As shown in FIG. 7, the deceleration G detected at the bumper 1 changes differently according to kinds of objects colliding with the vehicle. The graph shown in FIG. 7 shows changes in the deceleration G after the first touch is detected by the touch sensor 2. The data shown in FIG. 7 are taken when the vehicle collides with various objects at a speed of 25 Kph (kilometer per hour). Graph A shows the deceleration changes in collision with a roadside marker, graph B with a rubber pylon, graph C with a dummy of a 6-year-old child, and graph D with a dummy of an adult. As seen in the graphs, a deceleration peak comes quicker as the colliding object is harder. When the vehicle collides with a human dummy, the deceleration peak appears later, compared with the roadside marker and the rubber pylon. This is because the collision impact is absorbed by a soft human body.
Referring to FIG. 4, a process of determining that the vehicle collides with a pedestrian will be described. First, whether the touch sensor 2 detected an object touching the bumper 1 (a first touch) is determined. If the first touch is detected, the process proceeds to the next step, where the deceleration G at the bumper 1 is detected by the acceleration sensors 3. Then, a bumper deformation speed ΔV is calculated in the calculator 4 by integrating the deceleration G. Then, an amount of a bumper deformation (or a disposition) ΔD is calculated by further integrating the deformation speed ΔV. Then, a vehicle speed Vs at a collision is detected. Then, a threshold period of time Tth (a period of time from the detection of first touch to a time when a peak of deceleration G appears) for determining a collision with a pedestrian is set according to the vehicle speed Vs.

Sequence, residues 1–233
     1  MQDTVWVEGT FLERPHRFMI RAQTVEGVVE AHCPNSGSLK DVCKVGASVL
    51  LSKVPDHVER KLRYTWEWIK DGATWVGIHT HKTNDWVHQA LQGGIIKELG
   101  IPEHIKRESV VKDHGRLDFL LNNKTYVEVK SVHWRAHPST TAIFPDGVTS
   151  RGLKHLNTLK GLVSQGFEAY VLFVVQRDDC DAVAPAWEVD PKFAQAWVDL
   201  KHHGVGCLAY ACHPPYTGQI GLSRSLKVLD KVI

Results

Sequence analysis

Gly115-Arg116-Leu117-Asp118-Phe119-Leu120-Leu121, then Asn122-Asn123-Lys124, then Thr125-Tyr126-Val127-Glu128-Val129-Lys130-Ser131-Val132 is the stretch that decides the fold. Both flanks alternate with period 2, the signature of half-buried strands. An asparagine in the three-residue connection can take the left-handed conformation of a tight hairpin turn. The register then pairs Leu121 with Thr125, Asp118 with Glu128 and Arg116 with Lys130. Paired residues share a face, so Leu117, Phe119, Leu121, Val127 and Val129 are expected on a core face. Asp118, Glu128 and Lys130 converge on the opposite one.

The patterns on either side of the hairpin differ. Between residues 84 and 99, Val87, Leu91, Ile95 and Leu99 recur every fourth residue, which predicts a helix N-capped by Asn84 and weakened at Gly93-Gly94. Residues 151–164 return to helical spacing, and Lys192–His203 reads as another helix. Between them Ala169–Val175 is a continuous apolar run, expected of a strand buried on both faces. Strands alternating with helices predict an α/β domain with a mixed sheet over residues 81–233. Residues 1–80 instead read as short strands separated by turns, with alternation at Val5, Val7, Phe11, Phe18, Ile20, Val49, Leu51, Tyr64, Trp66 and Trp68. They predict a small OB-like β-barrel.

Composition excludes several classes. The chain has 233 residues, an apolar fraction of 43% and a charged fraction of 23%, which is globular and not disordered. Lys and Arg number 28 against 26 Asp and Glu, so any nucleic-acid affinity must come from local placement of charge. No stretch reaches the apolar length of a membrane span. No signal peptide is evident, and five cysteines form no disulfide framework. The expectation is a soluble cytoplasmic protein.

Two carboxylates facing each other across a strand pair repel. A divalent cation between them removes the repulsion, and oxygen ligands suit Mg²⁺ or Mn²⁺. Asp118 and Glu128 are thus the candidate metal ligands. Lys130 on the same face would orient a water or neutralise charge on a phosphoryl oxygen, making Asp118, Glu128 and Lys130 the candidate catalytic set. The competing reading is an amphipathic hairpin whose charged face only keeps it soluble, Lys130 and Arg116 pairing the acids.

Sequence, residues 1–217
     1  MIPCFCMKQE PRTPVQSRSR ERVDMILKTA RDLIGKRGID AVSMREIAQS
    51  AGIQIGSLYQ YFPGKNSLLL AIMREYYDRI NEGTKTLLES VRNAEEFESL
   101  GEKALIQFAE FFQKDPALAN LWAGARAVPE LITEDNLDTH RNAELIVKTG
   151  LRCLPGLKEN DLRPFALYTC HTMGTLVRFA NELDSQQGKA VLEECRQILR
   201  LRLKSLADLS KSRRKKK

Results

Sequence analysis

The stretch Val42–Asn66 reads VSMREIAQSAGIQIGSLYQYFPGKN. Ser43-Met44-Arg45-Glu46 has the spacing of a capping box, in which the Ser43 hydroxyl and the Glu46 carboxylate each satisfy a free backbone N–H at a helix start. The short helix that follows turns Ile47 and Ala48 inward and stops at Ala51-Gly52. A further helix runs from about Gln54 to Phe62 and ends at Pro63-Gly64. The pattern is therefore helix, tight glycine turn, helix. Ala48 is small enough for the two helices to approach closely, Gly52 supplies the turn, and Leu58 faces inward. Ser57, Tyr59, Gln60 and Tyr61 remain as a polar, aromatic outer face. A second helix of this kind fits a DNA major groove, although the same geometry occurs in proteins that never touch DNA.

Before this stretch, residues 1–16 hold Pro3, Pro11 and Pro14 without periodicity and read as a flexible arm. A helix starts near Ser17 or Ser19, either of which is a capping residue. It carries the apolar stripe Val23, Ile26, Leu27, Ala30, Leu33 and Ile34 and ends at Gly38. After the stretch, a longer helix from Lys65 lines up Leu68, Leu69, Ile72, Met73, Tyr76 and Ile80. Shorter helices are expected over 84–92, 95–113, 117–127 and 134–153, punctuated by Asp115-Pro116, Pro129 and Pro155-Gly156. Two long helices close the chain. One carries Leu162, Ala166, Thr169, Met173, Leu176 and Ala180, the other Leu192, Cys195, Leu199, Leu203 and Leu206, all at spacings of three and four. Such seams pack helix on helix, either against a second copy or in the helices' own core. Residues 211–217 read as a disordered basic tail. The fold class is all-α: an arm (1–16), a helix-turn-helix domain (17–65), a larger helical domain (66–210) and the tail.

Then, an actual period of time T from the first touch to a time when the deceleration peak appears is calculated. Then, whether T is longer than Tth is determined. If T is longer than Tth, it is determined that the vehicle collided with a pedestrian. If not, it is determined that the vehicle collided with an object other than a pedestrian. Then, the determining process comes to the end. When it is determined that the vehicle collided with a pedestrian, an airbag 100 for protecting a pedestrian is activated on the front hood of the vehicle, as shown in FIG. 8. The collided pedestrian is protected from further damages by the airbag inflated in front of a windshield and on the front hood. It is possible to use pedestrian-protecting device other than the airbag.